I always figured Mooney Lynn was the luckiest man in the world.
I loved Mooney. When I was helping Loretta Lynn write her book, Coal Miner’s Daughter, Mooney would put his pistol down on the table and never fuss when I asked about his indiscretions. He also held the family and the business together while Loretta was out on the road, and it was easy to see why she loved him so much.
Mooney was stumpy and weather-beaten, but in the movie he got to be portrayed by Tommy Lee Jones, a handsome football player from Harvard. For millions of people who have seen the movie, that is their lasting image of Mooney Lynn – a college lineman who could move pretty fast. How cool was that?
I was thinking about Mooney last Saturday night while watching the HBO production, Game Change, about the Hail-Mary pass the McCain campaign heaved in 2008 when it brought in Sarah Palin to run for vice president.
Palin lucked out, just like Mooney. She will never escape the hilarious impersonation by the inimitable Tina Fey, but for the two-hour television movie Palin was played by Julianne Moore, who did wonders for her.
Moore did not try to serve up Palin’s dance-hall-queen strut or smirk, but rather gave her character a minimal gravitas never before detected by my personal seismograph. For the two-hour haul, Moore (and the writers and director) gave Palin a tinge of fear that she might be bombing in public, the slightest bit of awareness that maybe she should know some of those things people were prattling about.
I almost felt sorry for her – well, at least until some television commentator would note that she could be one cardiac event from the presidency. Then it all came back to me.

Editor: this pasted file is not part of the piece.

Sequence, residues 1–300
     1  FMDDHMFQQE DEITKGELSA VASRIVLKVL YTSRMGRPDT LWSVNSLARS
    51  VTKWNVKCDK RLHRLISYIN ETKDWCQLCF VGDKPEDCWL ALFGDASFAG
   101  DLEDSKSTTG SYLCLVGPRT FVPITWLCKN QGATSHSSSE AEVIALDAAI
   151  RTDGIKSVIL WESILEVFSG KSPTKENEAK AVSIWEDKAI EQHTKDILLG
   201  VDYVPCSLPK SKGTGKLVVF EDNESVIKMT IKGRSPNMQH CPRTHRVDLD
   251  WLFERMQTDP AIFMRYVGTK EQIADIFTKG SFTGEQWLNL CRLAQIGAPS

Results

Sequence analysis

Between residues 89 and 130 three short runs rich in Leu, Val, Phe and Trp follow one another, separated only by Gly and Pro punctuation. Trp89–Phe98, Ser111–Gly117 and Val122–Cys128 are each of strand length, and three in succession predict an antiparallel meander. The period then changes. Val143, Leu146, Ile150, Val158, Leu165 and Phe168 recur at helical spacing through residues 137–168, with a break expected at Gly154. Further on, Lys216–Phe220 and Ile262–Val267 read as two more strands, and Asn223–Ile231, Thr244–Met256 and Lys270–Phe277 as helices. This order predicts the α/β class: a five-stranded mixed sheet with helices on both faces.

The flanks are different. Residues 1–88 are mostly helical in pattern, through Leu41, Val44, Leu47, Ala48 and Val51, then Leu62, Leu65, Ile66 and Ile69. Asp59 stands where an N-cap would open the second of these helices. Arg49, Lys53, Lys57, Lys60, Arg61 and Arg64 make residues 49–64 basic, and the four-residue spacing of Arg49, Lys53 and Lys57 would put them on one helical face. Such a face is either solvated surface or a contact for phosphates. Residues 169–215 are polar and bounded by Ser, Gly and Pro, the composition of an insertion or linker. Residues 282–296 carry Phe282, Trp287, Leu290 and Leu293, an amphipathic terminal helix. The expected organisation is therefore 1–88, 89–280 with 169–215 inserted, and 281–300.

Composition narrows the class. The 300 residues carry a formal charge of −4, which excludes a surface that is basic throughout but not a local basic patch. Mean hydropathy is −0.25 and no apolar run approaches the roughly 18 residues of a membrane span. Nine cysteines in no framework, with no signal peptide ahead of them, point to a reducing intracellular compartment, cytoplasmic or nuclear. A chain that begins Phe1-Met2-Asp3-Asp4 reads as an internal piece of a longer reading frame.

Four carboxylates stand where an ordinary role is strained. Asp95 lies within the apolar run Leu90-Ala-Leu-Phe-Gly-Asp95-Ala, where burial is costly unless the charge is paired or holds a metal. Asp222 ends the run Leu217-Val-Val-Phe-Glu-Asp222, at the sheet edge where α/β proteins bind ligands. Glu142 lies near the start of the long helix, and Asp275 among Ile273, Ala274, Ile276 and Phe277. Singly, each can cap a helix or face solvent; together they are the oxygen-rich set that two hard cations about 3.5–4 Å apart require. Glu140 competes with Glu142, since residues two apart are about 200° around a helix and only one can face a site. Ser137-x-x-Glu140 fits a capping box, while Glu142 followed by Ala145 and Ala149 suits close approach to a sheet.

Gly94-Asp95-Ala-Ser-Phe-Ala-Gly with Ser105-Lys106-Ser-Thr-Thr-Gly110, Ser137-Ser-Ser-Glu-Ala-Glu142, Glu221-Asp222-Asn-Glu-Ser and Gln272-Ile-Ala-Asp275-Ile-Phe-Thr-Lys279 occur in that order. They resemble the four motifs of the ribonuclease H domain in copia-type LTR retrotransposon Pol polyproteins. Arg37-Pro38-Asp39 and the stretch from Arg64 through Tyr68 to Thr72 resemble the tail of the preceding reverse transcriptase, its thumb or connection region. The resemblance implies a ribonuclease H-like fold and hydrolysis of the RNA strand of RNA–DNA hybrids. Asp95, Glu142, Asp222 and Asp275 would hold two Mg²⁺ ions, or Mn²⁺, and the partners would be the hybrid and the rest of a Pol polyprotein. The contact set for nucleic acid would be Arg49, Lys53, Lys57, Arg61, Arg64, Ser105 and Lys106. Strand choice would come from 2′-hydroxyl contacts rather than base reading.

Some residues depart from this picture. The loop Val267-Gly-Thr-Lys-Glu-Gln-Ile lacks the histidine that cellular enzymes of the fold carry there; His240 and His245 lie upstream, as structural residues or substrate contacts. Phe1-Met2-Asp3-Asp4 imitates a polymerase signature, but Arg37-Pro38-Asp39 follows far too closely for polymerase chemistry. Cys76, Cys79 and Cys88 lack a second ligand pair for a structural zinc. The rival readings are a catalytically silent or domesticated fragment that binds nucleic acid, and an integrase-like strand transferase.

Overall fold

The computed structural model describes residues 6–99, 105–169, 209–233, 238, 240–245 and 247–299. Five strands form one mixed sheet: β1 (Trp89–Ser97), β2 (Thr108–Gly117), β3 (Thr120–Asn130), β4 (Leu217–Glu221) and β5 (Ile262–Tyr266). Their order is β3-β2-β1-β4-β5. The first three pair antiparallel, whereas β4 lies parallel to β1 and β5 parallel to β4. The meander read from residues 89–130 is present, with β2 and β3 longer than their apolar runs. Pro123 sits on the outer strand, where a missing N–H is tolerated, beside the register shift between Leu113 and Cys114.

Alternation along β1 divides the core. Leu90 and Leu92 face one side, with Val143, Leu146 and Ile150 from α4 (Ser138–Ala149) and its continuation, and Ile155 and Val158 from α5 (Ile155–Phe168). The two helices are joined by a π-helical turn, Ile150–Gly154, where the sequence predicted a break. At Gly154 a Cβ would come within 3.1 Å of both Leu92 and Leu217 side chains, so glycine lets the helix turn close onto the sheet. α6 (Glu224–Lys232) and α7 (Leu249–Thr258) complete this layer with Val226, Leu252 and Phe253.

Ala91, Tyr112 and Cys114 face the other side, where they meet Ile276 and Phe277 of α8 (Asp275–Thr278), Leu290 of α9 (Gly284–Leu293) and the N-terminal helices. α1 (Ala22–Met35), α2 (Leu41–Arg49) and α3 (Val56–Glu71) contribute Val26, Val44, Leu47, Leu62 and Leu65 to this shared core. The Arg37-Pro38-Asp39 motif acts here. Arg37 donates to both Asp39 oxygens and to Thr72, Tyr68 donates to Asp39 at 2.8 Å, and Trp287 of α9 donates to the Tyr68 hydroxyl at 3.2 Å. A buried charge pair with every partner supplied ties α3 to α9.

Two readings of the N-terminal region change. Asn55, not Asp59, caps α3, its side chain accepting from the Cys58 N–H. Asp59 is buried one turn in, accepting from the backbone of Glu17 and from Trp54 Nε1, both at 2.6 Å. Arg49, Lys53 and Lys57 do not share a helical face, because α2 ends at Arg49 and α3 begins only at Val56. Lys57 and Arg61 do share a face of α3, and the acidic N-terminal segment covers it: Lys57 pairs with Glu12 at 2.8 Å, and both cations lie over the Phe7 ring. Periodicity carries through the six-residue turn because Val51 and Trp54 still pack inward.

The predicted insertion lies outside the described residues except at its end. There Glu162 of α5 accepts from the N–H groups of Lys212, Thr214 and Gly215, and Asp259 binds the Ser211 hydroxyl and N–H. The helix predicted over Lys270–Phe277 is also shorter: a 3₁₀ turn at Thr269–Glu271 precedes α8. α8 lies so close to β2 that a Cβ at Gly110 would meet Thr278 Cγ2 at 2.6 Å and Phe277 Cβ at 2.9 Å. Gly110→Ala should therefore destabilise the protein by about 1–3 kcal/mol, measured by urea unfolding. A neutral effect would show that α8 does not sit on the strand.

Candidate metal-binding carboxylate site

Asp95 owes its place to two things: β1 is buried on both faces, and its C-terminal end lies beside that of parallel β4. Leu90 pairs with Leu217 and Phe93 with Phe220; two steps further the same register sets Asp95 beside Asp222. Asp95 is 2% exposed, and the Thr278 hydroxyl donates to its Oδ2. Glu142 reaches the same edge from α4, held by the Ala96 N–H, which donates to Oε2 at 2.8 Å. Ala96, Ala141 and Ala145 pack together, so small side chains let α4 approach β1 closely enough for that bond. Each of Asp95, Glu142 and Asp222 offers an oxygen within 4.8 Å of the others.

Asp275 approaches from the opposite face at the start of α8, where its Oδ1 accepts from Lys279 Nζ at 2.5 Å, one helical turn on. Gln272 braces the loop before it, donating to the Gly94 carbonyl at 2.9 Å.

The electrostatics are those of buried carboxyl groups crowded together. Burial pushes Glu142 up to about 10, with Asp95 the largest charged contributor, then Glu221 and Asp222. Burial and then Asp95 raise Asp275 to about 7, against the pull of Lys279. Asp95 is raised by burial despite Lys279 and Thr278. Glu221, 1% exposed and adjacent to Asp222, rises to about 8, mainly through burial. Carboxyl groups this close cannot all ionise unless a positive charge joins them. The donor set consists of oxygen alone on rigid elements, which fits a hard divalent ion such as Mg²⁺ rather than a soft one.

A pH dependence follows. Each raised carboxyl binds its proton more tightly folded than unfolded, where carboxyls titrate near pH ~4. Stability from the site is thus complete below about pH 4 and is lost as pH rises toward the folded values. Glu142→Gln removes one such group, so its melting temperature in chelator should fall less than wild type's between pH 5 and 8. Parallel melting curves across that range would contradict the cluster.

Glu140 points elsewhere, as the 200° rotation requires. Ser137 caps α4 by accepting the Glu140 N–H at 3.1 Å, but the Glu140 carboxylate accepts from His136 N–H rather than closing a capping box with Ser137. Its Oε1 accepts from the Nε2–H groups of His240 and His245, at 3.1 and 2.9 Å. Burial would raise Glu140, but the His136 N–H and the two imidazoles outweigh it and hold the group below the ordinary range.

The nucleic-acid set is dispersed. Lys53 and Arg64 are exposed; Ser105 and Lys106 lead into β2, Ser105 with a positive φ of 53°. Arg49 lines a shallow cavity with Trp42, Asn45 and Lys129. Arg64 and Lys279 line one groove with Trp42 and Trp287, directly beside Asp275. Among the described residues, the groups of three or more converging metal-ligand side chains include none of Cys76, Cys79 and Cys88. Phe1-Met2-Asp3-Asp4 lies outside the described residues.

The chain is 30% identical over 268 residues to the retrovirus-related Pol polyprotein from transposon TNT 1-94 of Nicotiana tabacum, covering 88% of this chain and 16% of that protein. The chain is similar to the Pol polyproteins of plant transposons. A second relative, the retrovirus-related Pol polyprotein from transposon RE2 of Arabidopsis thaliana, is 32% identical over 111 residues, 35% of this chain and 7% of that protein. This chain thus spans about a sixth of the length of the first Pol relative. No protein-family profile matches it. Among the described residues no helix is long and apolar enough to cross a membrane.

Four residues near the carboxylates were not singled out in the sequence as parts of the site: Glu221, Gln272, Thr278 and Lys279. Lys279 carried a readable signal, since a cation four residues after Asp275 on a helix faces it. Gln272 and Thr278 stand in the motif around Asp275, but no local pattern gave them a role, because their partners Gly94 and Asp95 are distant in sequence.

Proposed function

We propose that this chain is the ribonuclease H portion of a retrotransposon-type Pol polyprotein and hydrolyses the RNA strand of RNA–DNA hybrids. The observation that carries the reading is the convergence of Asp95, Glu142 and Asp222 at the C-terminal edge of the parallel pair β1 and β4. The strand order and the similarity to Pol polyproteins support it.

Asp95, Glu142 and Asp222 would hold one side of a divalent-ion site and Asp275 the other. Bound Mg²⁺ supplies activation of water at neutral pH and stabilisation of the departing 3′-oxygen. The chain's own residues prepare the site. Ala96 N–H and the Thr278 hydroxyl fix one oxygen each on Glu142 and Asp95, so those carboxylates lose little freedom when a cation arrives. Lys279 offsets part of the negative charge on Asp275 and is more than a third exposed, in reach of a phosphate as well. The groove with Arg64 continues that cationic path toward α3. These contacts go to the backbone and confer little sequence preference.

John McCain did not come off as well. He’s been lurching around in a coma since politely scolding that bigoted woman in the red dress in 2008, but he’s still more appealing than Ed Harris’ bland character in the movie. Woody Harrelson stole the show as campaign maestro Steve Schmidt, who is currently performing community service as commentator on MSNBC, discussing the current lot.
Of course, none of the spinmeisters in 2008 had a chance what with that smart, handsome, confident figure making speeches before huge crowds in Berlin or Washington. Where did the movie-makers find that guy? He’s a natural.
And that made me wonder:
When HBO decides to make a movie about Grumpy, Sleazy, Dopey and Starchy, the last four standing, who will play them?
Clearly Rick Santorum will be played by another simplistic type. (See below.)
Mitt Romney could be portrayed by his own wax statue from Madame Tussaud’s – an upgrade in personality, if you ask me.
Ooops: This just in, from Ry Cooder, one of the artists behind Buena Vista Social Club and Chavez Ravine. It's called The Mutt Romney Blues.
Ron Paul could be fun if Jerry Stiller could tear himself away from all those runway models in his current commercials.
But Newt Gingrich? A few decades ago, Mickey Rooney could have impersonated Newt’s pretentious bluster but I’m guessing somebody more courant could serve up Newt as he cajoles people into donating to his dubious cause.
That inevitable movie has to be more enjoyable than this long and silly season.
Your nominations for the leading roles are welcome.
Who plays Bachmann? Who plays Cain? Who plays Newt?
Had a wonderful time on the #NYTReadalong Sunday with Sree Sreenivasan and Neil Parekh, talking about the Super Bowl and the great paper where I used to work. Here’s the link to my fun time. Thanks to all the nice people who sent messages while I was babbling. The Readalong is Sunday, 8:30-10:15 AM Eastern, and the link is available after that:
has filed an interview with, of all people, me.
It's on his blog. (Just past photo of rat!) My thanks for his interest. GV
David Vecsey's sweet tale of distant love before the Web, now NYT Podcast, narrated by Griffin Dunne. Please see: